New version of Steam Engine in the works

As you may have noticed, there has not been much in the way of updates and new features in Steam Engine lately. To be honest, I was getting a little bit burned out on the project for a while. It didn’t help that the code was getting kind of big and unwieldy, and so the fear of breaking something gradually grew larger than the desire to make something new.

I didn’t want to declare it abandonware quite yet, though. The software does have some potential, and there is still a need for it.

So I have decided it’s time for some major refactoring of the code, and I have also decided that the work will begin … about a month ago.

I started splitting the code up into more and smaller chunks, in an attempt to make it easier to navigate. I ported the messy old Javascript code to shiny new Typescript, which lends itself well to reusability, as well as plain old tidiness. I replaced massive string literals and excessive amounts of DOM references with Handlebars templates.

Functions within functions, objects being passed around like a relay race baton between huge blocks of labyrinthine spaghetti code, pages of code that could not fit on any monitor known to man. This has been replaced with more managable modules, self-explanatory classes, and all that is orderly and good.

I’m still far from done cleaning everything up, but I’ve already added some measure of weight to the e-liquid calculator (to be made public soon-ish).

The gauge converter calculator “plugin” that you may or may not know from the trusty old coil calculator has been converted to a stand-alone tool able to do double duty as the old “plugin” that it once was. It also does a couple of things better than before. For instance, it can now convert inches and millimeters into exact decimal AWG numbers.

So what’s the gain for the user? Right now, very little. Only a few minor improvements here and there, that I threw in because I could. But in the future I see a much easier path to improvements than before.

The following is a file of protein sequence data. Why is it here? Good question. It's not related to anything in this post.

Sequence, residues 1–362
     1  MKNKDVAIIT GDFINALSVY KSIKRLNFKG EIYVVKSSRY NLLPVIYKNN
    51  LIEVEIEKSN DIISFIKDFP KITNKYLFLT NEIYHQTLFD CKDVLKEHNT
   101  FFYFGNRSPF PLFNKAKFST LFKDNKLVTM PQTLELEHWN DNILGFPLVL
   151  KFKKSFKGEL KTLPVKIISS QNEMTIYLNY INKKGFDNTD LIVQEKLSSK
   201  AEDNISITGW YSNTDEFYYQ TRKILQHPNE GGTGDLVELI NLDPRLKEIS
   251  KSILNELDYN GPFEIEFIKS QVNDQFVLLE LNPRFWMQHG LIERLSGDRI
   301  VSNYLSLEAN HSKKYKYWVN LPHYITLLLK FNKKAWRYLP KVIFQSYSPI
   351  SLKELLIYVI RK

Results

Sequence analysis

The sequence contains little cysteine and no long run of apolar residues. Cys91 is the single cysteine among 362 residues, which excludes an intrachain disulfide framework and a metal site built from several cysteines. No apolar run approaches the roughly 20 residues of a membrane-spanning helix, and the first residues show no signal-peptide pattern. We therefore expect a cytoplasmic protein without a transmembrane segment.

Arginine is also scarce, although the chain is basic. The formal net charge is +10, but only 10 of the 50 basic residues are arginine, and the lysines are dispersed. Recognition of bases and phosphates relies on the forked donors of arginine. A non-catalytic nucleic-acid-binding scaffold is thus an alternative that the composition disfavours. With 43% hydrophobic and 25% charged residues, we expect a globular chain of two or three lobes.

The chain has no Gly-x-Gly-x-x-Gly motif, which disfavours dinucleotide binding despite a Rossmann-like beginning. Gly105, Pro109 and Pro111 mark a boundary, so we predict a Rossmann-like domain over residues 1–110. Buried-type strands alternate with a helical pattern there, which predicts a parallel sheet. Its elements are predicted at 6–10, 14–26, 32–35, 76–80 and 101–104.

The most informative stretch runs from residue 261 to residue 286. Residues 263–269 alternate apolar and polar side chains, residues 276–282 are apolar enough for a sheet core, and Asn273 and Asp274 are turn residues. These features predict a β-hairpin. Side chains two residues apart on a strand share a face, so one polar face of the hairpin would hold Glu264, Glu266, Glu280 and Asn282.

The battery calculator could do well with support for serial battery configurations, for instance.

The Mod Range calculator could use some love to make it more intuitive to use, and maybe allow for entering custom vaules.

The development of the Wire Wizard ground to a halt while the tool was is still pretty fresh, because of its complexity, and its demand for an object oriented approach that doesn’t come naturally to me with regular Javascript.

Saving the most difficult part for last, I just finished refactoring the Wire Wizard literally minutes ago. It works (again), and the path is now clear(er) to begin sorting everything into managable autonomous classes that will open new doors for the development.

I have some interesting ideas about what might be possible, and I was actually contacted earlier today by a gentleman who had some very good and concrete ideas (he even provided equations) for making coil calculations even easier than before, but lest I create expectations that I cannot fulfill, I don’t want to go into all the details right now.

I hope I don't look as tired as I feel right now.
I hope I don’t look as tired as I feel right now.

Now I’m shot. Believe it or not, pecking away at a computer keyboard for hours on end, day after day, is actually sort of hard work. I find that especially true those times when I’m also forced to think. Anyway,..

Expect a beta version to be uploaded within a few days. Just keep in mind that it won’t be all that much to jump up and down about right now, unless you’ve got a very keen eye for details, or if your idea of enjoyable bedtime reading material includes minified script code.

That’s it for now. Time to set the brain in stand by mode, and prepare for a good night’s sleep.

Update: beta is live. You can visit it here.

2 responses to “New version of Steam Engine in the works”

Leave a Reply

Your email address will not be published. Required fields are marked *

This site uses Akismet to reduce spam. Learn how your comment data is processed.